Female leadership in Gorontalo Universities: An appreciative inquiry exploring Gorontalonesse female leaders’ and managers’ experiences

Author: . Zulystiawati

  • Thesis download: available for open access on 8 Jul 2023.

-, Zulystiawati , 2020 Female leadership in Gorontalo Universities: An appreciative inquiry exploring Gorontalonesse female leaders’ and managers’ experiences, Flinders University, College of Education, Psychology and Social Work

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Abstract

The purpose of this appreciative study was to explore Gorontalo female leaders and managers’

leadership journeys in the Gorontalo university context to highlight the interrelated aspects of

women’s experiences of leadership in higher education in order to better understand the features

that influence their decisions about pursuing and maintaining leadership positions. The central

question and sub-questions for this research project were posed as follows: What are the

leadership experiences of female leaders and managers in Gorontalo Universities? The two

guiding research sub-questions were: (1) What enables and hinders Gorontalo female leaders and

managers from attaining and sustaining leadership positions in universities? (2) What are the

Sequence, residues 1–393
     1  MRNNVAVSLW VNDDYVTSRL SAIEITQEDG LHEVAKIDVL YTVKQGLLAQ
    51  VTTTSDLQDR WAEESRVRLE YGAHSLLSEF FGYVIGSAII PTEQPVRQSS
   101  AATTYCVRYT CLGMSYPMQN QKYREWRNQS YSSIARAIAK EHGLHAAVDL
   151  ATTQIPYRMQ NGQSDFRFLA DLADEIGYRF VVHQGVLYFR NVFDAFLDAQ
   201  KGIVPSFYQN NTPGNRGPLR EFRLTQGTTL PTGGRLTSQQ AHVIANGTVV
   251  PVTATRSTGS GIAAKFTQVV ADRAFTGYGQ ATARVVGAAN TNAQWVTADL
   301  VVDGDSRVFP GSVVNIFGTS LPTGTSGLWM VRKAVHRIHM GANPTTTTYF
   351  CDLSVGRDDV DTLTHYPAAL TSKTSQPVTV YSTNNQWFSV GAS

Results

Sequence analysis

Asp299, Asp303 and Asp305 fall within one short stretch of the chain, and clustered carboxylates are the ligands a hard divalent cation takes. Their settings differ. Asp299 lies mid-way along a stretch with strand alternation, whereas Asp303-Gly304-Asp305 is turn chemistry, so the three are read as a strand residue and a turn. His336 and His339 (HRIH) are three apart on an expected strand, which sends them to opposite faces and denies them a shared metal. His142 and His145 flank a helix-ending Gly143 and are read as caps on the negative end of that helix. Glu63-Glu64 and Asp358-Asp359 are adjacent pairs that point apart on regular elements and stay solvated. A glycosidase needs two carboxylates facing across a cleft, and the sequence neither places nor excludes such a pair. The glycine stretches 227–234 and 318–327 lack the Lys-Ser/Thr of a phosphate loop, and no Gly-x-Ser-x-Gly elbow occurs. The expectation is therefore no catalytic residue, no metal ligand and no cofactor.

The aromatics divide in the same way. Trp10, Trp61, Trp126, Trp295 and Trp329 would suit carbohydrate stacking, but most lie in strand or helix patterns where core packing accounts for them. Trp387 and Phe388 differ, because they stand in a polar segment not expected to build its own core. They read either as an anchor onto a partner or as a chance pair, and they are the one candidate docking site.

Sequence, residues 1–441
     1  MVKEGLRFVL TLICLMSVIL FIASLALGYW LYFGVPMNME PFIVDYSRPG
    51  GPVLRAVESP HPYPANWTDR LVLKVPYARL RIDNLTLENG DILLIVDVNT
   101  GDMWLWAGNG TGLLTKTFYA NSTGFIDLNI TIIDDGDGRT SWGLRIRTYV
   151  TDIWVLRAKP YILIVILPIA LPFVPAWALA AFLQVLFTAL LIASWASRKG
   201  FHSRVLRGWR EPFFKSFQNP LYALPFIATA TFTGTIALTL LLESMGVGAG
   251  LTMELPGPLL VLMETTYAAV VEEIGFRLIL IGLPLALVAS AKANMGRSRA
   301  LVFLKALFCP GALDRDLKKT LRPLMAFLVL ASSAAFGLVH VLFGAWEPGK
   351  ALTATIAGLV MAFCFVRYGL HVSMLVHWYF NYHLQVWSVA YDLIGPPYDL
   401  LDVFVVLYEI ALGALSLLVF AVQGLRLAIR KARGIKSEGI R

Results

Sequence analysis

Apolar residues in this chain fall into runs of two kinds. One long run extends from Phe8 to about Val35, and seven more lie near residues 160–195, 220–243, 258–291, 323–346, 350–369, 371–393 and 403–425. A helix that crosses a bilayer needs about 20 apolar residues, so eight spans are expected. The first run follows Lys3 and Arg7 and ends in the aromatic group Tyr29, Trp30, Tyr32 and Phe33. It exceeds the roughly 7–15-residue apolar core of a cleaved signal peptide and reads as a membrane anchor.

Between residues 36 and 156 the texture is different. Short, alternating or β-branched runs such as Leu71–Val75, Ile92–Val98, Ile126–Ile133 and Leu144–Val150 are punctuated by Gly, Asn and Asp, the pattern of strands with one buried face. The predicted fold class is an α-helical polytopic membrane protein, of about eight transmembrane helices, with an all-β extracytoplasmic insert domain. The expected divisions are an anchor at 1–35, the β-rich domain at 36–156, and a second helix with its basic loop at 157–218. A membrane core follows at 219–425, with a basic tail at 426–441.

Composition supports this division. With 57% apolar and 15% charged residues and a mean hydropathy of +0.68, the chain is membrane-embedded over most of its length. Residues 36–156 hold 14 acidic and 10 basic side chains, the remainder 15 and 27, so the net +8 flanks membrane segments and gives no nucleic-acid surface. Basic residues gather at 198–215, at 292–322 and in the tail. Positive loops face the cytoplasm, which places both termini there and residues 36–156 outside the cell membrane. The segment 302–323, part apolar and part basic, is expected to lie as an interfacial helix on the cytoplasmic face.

implications of female leaders’ and managers’ personal stories for their leadership and for

supporting women in leadership now and in the future?

This study took Papert’s (Ackermann, 2001) idea of constructionism and an interpretive approach,

using qualitative methods in appreciative inquiry in order to reveal the meaning under the collective

stories of leadership experiences from the female leadership in the university setting. Thematic

analysis was used as a mean of analysing the data. The sample consisted of fifteen women across

five Gorontalo universities, both academic and non-academic staff, who hold leadership positions.

Findings were derived from interviewers’ responses regarding what may have enabled and

hindered their leadership opportunities, as well as their leadership experiences in their careers and

leadership positions. The findings of this study indicated that the enabling–sustaining features are

extended to facilitating elements within their personal and professional lives that sustain their

leadership roles, including parents’ and husbands’ support and sponsorship, education and formal

educational degrees, along with support from social changes that have occurred in the regional

development of Gorontalo. The barriers were also explored, showing patriarchy, double-bind,

guilty-feeling, the misinterpretation of sacred text, micro-politics and seniority as the major

hindering features in Gorontalo women leaders’ and managers’ leadership journeys. The

implication of female leaders’ and managers’ personal stories for their leadership and for

supporting women in leadership now and in the future are also discussed.

My reflection on the research journey is described in the last chapter of this study. Suggestions

and recommendations conclude this study

Keywords: female leadership, appreciative inquiry, Gorontalo women leaders, leadership barriers, leadership stories

Subject: Education thesis

Thesis type: Doctor of Philosophy
Completed: 2020
School: College of Education, Psychology and Social Work
Supervisor: Dr. Michael Bell